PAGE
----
Rep. Scott Tipton looks backward to the nation’s economic future
Congressman Scott Tipton wasted no time in jumping on the president for the weak job numbers in May. “There’s a path to job creation and economic recovery in this country, but with the most recent jobs numbers showing an increase in unemployment during May and 40 straight months of unemployment over eight percent … it’s clear that the president is not following it.”
In short, Tipton wants a Republican economy.
The “path” he refers to is the Paul Ryan Budget that would further reduce taxes on the rich, change Medicare as we know it, raise taxes for workers and further shrink the middle class. A continuation of the small-government, free-market economic polices of the Bush administration, the Ryan path leads to the same ditch President George Bush left the country in.
What Tipton and his colleagues fail to appreciate is that we don’t need to elect Mitt Romney to restore the Republican economy. As Nobel Prize winning economist and New York Times columnist Paul Krugman says, “That’s precisely the policy we’ve been following the past couple of years. Never mind the Democrat in the White House, for all practical purposes, this is already the economic policy of Republican dreams.”
Federal tax policy is a holdover from the Bush administration. Republicans pressured Obama into continuing the economically disastrous Bush tax cuts. And with most borrowing obstructed by congressional Republicans, the president has governed under restraints designed to frustrate his efforts to stimulate the economy by spending on infrastructure, education, health care and other economic and socially beneficial programs.
As Krugman asked rhetorically, “Isn’t Obama a big spender? Actually, no; there was a brief period in late 2009 and early 2010 as the stimulus kicked in, but that boost is long behind us. Since then it has been all downhill.”
The extensive layoff of pubic employees, rising higher education costs, reducing benefits for the needy and similar effects reflect shrinking government, not the profligate spending Republicans accuse the president of. While the frugality may be born of necessity — inadequate government income and inability to borrow — the effect is nevertheless decreased government spending.
While the government lacks money to stimulate employment, corporations have plenty, but they are determined not to spend it. As Reuters economist Felix Salmon wrote, “High corporate profits and low levels of job growth are two sides of the same coin. If things were working properly right now, companies would take their excess revenues and use them to hire more people. Instead, they’re basically just letting those excess revenues sit on their balance sheets as cash because they’re scared to invest in themselves. It’s frankly pathetic.”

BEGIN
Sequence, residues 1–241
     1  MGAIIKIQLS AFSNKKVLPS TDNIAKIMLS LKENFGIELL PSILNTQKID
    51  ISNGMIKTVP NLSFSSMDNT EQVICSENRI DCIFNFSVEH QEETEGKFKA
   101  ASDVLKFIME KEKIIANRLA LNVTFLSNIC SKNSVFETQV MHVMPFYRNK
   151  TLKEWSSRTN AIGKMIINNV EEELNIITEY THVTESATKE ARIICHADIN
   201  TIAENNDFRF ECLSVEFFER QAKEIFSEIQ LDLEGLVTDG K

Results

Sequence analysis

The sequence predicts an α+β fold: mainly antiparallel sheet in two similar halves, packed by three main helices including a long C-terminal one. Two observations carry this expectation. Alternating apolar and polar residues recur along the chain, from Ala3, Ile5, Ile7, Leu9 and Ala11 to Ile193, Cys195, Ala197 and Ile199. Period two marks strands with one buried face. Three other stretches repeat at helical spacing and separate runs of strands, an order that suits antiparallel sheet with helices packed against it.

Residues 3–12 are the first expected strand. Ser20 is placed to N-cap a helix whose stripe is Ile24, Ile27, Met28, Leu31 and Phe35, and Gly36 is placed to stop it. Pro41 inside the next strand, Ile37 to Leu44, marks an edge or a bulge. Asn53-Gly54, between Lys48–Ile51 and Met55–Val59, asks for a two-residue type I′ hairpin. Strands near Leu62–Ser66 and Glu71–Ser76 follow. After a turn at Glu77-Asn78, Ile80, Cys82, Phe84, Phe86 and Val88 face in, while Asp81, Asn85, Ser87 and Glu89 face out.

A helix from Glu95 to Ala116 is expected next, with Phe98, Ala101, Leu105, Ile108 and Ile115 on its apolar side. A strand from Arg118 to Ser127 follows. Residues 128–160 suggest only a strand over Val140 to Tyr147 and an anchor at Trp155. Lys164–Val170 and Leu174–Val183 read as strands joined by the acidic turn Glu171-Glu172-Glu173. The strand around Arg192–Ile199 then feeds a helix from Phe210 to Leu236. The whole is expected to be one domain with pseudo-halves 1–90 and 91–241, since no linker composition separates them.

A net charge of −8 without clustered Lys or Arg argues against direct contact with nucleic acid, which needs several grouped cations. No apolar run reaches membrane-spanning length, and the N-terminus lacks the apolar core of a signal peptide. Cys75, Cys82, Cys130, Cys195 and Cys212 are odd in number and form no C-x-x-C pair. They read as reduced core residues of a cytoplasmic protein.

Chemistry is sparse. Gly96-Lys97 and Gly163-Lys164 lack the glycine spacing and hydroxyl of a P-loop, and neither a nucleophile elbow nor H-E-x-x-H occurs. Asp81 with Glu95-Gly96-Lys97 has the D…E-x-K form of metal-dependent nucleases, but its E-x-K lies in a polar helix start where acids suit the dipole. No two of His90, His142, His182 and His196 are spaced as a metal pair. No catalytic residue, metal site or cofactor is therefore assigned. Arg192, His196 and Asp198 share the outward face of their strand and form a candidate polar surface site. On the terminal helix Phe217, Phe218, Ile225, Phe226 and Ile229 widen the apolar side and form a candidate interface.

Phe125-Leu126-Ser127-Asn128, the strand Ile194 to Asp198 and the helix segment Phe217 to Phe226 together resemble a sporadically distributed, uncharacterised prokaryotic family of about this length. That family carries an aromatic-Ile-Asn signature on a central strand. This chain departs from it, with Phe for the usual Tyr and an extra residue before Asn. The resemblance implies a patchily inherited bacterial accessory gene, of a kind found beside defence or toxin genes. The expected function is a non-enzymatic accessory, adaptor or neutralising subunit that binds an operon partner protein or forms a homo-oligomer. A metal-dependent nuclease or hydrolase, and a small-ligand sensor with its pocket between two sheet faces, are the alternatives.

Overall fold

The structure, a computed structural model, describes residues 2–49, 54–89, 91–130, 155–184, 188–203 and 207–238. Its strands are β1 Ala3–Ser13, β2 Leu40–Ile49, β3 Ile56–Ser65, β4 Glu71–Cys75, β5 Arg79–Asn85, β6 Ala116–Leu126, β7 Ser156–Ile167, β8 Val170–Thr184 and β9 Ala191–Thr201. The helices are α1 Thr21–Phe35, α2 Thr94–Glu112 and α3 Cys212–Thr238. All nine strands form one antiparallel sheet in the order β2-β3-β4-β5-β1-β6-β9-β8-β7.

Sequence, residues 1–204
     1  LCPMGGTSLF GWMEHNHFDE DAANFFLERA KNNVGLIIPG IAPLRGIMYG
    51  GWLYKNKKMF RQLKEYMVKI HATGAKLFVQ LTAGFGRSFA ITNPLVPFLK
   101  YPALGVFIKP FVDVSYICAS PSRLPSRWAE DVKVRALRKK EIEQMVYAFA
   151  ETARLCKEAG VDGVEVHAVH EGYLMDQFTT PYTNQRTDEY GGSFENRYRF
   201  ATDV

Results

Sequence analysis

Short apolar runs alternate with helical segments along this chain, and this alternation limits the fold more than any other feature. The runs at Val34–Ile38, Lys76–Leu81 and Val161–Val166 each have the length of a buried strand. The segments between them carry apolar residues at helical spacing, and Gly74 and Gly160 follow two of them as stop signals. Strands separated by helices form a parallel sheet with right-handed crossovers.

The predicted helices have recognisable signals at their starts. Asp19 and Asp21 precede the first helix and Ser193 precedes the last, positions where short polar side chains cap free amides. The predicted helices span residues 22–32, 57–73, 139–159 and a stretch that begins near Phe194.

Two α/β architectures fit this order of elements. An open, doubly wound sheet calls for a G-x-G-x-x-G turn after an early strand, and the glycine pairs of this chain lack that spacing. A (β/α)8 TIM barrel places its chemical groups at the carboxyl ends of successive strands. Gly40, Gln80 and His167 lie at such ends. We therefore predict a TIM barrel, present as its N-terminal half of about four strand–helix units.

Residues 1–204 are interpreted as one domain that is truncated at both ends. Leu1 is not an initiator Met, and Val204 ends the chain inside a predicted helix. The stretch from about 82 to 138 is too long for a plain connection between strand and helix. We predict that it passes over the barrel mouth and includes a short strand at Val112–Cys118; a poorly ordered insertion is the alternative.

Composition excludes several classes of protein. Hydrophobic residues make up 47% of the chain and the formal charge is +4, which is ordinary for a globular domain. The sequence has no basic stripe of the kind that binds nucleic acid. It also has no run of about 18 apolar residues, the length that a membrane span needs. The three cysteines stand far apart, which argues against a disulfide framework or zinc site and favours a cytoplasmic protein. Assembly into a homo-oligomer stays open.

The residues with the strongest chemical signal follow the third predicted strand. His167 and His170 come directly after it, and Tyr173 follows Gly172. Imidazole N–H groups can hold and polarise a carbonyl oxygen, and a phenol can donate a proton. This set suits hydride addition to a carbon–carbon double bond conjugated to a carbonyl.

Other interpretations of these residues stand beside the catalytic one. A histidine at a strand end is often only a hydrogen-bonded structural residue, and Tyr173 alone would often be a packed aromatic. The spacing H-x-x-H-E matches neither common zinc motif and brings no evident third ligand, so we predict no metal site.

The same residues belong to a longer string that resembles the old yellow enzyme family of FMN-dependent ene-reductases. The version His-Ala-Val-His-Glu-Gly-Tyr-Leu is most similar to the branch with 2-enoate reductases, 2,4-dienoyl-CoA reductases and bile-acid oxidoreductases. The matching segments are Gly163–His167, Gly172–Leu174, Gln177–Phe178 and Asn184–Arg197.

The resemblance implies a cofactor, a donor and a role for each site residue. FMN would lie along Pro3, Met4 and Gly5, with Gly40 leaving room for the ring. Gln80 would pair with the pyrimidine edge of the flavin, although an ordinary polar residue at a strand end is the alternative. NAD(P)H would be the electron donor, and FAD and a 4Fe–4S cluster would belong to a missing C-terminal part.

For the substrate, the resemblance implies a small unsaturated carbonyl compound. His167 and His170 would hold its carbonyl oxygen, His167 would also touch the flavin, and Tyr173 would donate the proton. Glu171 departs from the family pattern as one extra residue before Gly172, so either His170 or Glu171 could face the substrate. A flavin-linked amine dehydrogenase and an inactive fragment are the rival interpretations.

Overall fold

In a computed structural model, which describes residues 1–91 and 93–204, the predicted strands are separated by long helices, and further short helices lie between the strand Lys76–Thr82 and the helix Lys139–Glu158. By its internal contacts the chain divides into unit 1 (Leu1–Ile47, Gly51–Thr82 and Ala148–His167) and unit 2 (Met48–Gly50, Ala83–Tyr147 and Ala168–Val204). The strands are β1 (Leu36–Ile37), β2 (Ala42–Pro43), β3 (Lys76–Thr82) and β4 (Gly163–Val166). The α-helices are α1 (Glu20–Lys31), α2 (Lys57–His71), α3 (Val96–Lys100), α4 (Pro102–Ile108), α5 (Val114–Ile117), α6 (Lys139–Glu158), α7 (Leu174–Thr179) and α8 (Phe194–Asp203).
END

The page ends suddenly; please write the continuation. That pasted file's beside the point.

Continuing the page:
Krugman and Salmon agree that, because the private sector refuses to spend, government must — even if that means borrowing. As Salmon explains, “The government can borrow at 1.45 percent: It should do so, in vast quantities, and invest that money back into the economy itself. Take a few hundred billion dollars and use it to fix our broken infrastructure, to re-hire all those laid-off teachers and firefighters, to provide some kind of safety net for the millions of Americans who have been out of work for more than a year.”
None of this suggests that the May employment numbers are not bad news for the president and his party. However, the administration points out, jobs have increased steadily for 27 months straight, though at a slower pace than is required to return the nation to a healthy economy. While the May figures are down, they are still positive.
Obama will need to defend his economic record against both just and unjust charges, but he should not limit his responses to defending his policies.
Rather, he should, as Paul Krugman does, call out the Republican economic program for what it is: “a gigantic con game: it depends on convincing voters that the bad economy is the result of big-spending policies that President Obama hasn’t followed (in large part because the GOP wouldn’t let him), and that our woes can be cured by pursuing more of the same policies that have already failed.”
While the economic path forward may be uncertain, there is no turning back. We have already been down that road.